Food Justice at Andover: Lunch and Discussion Starts a Series of Events Aimed to Bring Awareness to Food Accessibility

While Andover students have access to food and various forms of nutrition at Paresky Commons, food accessibility can be a hurdle in other parts of the world.

Faculty members and students gathered in the Mural Room on Wednesday for a lunch organized by the Tang Institute to discuss food justice — the concept of equitable and affordable access to food.

The discussion focused on three main areas at Andover in which food justice is taught and practiced: current academic courses that explore the concept, environmental initiatives led by student organizations like EcoAction, and current endeavors by Paresky.

According to Flavia Vidal, Director of the Brace Center for Gender Studies and one of the primary organizers of this event, the food justice lunch marked the beginning of a series of events revolving around food justice at Andover.

“The food justice lunch that the Tang Institute is hosting is actually part of the larger what we’re calling the Food Justice Series this year… The series is being envisioned as a big collaboration partnership among many, many different departments and offices and individuals across campus, also with a lot of help with our alumni community,” said Vidal.

During the discussion, Brendan Mackinson, Instructor in Chemistry and the course “Environmental Science: Food, Agriculture, and the Future,” mentioned how his students are looking at food justice from an environmental and economical perspective.

“I hope it’s a class that really challenges students to think about their relationship to food and through that, their relationship to the environment, to each other, to communities, and to cultures,” said Mackinson.

While this elective provides students with an opportunity to look at the issue of food justice, Mackinson said that more courses should incorporate similar ideas and discussions to explore the multidisciplinary nature of food justice.

“I don’t know if we do as good of a job as we could of touching on that on other areas of our curriculum so students can really see how integrated this thing is and that it’s a part of history and social science and natural sciences and philosophy and religion,” said Mackinson.

Rajesh Mundra, Associate Dean of Students and Residential Life and Instructor in Biology, also mentioned the integration of education on nutrition into the Empathy, Balance, and Inclusion (EBI) curriculum, which particularly interested attendee Allison Zhu ’19.

“Mr. Mundra mentioned how nutrition is a part of the [Empathy, Balance, and Inclusion (EBI)] program, and oftentimes, I don’t think we think that eating is something that we have to learn. It’s almost a mechanical thing. Still, you grow up, and you need to sustain yourself. But then there are also ways that you can eat more healthily, especially on campus,” said Zhu.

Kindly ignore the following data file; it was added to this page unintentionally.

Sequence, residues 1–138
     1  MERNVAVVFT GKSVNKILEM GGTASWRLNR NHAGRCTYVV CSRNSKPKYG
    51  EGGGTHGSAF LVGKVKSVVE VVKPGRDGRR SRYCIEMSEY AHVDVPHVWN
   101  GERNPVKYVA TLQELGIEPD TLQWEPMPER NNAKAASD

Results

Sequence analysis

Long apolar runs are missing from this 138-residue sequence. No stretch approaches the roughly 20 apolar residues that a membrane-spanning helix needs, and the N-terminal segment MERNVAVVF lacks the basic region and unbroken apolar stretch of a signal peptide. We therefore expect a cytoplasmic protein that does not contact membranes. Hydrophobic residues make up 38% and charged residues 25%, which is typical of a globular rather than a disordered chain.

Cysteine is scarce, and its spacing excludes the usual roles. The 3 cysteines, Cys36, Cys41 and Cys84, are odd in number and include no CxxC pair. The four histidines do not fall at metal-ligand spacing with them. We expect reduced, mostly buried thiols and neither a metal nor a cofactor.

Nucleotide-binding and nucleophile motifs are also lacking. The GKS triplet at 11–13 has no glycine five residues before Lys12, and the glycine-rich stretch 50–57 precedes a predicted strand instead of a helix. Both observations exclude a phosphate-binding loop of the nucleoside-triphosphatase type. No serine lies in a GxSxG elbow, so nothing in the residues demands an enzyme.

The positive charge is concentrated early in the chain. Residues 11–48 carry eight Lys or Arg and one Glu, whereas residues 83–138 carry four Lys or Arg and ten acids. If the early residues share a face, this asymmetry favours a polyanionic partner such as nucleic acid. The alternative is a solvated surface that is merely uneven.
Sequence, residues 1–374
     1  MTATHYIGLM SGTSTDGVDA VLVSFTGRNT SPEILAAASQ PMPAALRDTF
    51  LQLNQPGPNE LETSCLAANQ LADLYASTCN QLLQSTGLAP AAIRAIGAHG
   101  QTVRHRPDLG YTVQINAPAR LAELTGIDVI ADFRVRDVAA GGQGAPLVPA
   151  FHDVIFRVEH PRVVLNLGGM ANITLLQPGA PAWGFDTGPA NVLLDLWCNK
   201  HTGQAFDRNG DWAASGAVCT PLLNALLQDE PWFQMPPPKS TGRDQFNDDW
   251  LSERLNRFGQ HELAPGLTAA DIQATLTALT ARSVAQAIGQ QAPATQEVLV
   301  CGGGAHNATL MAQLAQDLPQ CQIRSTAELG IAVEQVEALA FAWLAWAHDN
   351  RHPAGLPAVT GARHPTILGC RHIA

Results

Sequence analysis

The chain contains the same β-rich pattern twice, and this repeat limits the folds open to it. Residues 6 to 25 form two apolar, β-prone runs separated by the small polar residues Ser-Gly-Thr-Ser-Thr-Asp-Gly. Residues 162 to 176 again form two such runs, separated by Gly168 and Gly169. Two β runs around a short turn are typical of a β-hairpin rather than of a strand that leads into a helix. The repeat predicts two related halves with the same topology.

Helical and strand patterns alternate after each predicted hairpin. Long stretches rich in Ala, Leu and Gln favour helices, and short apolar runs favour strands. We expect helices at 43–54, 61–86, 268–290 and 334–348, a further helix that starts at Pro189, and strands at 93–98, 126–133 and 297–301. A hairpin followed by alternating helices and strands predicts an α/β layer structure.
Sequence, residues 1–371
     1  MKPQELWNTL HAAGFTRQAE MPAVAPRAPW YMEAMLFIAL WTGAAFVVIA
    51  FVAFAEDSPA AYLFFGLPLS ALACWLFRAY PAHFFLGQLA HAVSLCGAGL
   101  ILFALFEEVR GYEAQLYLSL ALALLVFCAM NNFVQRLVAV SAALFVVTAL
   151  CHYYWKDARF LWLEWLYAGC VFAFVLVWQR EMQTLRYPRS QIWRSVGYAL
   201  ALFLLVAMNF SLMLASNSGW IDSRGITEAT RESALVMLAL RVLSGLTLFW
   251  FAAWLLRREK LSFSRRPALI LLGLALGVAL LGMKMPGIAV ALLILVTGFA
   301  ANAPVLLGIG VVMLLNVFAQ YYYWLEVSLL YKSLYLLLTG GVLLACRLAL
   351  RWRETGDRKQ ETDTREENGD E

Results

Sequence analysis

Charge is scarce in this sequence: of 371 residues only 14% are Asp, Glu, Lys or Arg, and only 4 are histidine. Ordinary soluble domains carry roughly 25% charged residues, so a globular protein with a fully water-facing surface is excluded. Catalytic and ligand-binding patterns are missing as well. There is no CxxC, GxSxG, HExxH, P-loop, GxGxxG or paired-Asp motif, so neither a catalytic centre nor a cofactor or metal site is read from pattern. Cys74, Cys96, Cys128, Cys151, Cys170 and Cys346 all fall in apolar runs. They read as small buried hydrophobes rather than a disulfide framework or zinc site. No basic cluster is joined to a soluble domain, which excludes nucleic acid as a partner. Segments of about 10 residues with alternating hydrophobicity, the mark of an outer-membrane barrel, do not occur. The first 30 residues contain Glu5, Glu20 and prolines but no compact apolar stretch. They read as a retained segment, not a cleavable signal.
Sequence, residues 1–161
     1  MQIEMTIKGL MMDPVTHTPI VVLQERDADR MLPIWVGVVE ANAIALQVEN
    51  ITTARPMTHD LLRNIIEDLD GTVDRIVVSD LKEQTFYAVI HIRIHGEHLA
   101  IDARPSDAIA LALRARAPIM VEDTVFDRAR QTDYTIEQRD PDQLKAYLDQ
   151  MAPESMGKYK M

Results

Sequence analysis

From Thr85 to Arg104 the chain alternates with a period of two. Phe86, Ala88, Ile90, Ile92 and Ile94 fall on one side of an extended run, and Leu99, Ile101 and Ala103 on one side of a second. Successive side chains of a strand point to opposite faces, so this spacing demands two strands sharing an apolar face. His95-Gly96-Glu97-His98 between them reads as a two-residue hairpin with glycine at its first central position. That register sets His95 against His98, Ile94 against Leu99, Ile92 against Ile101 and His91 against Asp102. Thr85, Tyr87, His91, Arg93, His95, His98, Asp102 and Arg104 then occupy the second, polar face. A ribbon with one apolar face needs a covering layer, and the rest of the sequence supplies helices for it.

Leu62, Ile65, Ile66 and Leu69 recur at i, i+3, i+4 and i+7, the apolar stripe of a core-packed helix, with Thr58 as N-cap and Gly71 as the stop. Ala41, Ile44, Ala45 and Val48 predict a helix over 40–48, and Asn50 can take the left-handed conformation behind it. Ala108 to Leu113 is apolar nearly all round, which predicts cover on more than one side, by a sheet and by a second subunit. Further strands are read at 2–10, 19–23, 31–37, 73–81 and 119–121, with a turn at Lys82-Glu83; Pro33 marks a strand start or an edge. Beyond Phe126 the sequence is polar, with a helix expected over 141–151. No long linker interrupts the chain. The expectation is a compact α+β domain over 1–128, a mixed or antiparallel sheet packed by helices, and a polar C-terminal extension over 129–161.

David Florencio, Junior Sous Chef at Paresky, acknowledged the school’s current efforts in providing a diverse array of fresh food options for students and its endeavors in sourcing from local farms and agricultural communities.

“We have many things that we do really well: the sources that we get the food, the amount of food that we don’t waste, and that we’re trying to save as much food as possible,” said Florencio.

According to Florencio, the Paresky team references the amount of food produced and wasted from the previous day to better inform them about how much food they should produce the next day.

“It tells us the amount of food, with the past food cycle that we went through, how much food we’re going to create for the next food cycle,” continued Florencio.

Florencio also mentioned Paresky’s current, improved initiatives on giving food options for everyone in the community, whether it be with diverse menus or with alternative options for people with vegan or vegetarian diets.

“Our menu cycles are different every single week, so we try to incorporate food from Asia, from Latin America, from Europe, [and] from the United States, so that we can please everybody. We [also try to] please the people who are vegan, vegetarian,” said Florencio.

Allison Guerette, the Campus Sustainability Coordinator and faculty advisor for student organization EcoAction, says she is glad that there are more campus initiatives for bringing awareness to environmental issues with the food justice series.

“We do a great job engaging the [Andover] community on issues of race, class, and gender, and now we have an opportunity to turn that lens on food justice and other issues related to the environment,” wrote Guerette in an email to The Phillipian.

Guerette continued, “Food justice and environmental sustainability are very much connected. Making locally-grown, organic food accessible to all communities, in particular communities experiencing food insecurity, helps people as well as the environment.”

According to Vidal, the topic of food justice will require the effort of the community and the collaboration of many different departments, school organizations, and students to truly unpack the problems surrounding the equity and accessibility of food.

“There are a lot of different people who are involved in these academic departments, community engagement, the Peabody [Institute of Archaeology], the Tang Institute, Brace, CAMD [Community and Multicultural Development Office], the [Andover] Archives if we want to think a little bit historically about how food justice has played out, Biology and Chemistry teachers. It’s really a multi-level, big community undertaking that we’re really excited about,” said Vidal.

Editor’s Note: Kaitlin Lim is an Associate Arts Editor for The Phillipian. Allison Zhu is a Commentary Editor for The Phillipian.